Rising tide of financial regulation washes over recalcitrant boards

 

 

 

 

Nearly half of the world’s biggest financial institutions are still not doing enough at board level to address risk management and bonuses, even as regulators clamp down.

Despite a wave of new regulations around the world introduced in the wake of the financial crisis that focus on improving culture in institutions from the top down, just 60 per cent of boards have “open discussions” about their risk management, new research shows.

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Only half of respondents to Deloitte’s biennial risk survey thought it was their risk management team’s responsibilities to assess pay against culture.

“This new focus on risk culture and ethics is more than just ‘buzzwords’ — it is a very real thing with teeth,” said Edward Hida, who leads Deloitte’s global risk group. The firm surveyed 71 financial institutions with a total of $18tn of aggregate assets.

US regulators have moved beyond looking purely at banks’ capital and liquidity levels when assessing their safety and soundness and now include “qualitative” assessments of their risk management in annual stress tests, an approach UK supervisors will also follow.

The UK, which has introduced a criminal offence of recklessly mismanaging a bank, in an attempt to hold the highest echelons of management to account, has some of the toughest laws on remuneration in the world.

Tougher regulation, including the fallout from global probes and subsequent litigation, are also an increasing concern for the world’s biggest companies.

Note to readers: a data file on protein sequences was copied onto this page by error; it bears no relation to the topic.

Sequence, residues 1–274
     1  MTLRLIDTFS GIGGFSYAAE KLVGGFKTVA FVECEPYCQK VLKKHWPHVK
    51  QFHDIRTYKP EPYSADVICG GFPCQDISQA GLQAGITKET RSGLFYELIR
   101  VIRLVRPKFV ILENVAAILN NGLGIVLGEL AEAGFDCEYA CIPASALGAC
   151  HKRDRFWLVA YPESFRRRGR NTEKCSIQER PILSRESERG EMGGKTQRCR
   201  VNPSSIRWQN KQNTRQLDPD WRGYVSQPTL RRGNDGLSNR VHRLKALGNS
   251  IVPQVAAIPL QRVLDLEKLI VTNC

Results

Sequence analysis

In a separate survey by Norton Rose Fulbright, regulatory investigations and litigation were the top concern for general counsel, and the third-highest type of dispute their company was facing.

Even though investigations into manipulation of Libor and the foreign-exchange market are wrapping up, financial institutions are concerned about continuing regulatory probes into other benchmarks, including precious metals, and over reviews around commodities trading, said Chris Warren-Smith, the head of investigations for Europe, Middle East and Asia at the law firm. There is also an increasing interest in the UK in sanctions compliance, he said.

The spectre of past scandals will continue to haunt British banks, according to Standard & Poor’s, which predicts conduct and litigation charges for the four biggest lenders will peak at almost £14bn this year.

Authorities including the US Department of Justice and the UK Financial Conduct Authority are also looking at past wrongdoing to see if something is a repeat issue in order to ratchet up penalties, he said.

UBS is at risk of having its 2012 non-prosecution agreement with the DoJ over Libor annulled as part of negotiations on a deal over forex manipulation, the Financial Times reported this week.

“The other thing you’re starting to see, like with the UBS issue, is a lot of pressure on the DPAs and NPAs,” Mr Warren-Smith said. “You’ve got the DoJ saying we’ll tear these up if we need to.”

The firm surveyed the responses of 803 corporate counsel at companies around the world, the majority of which had revenue of more than $1bn. Half of the legal executives who responded said their company had recently hired outside counsel for help in a regulatory probe.

For regulatory proceedings, size of company does matter, the survey found. More than half of larger companies report that they have one or more pending against them, compared with 16 per cent of smaller companies. Among companies with revenue of $1bn or more, more than half said they have one or more regulatory case against them.

 

 

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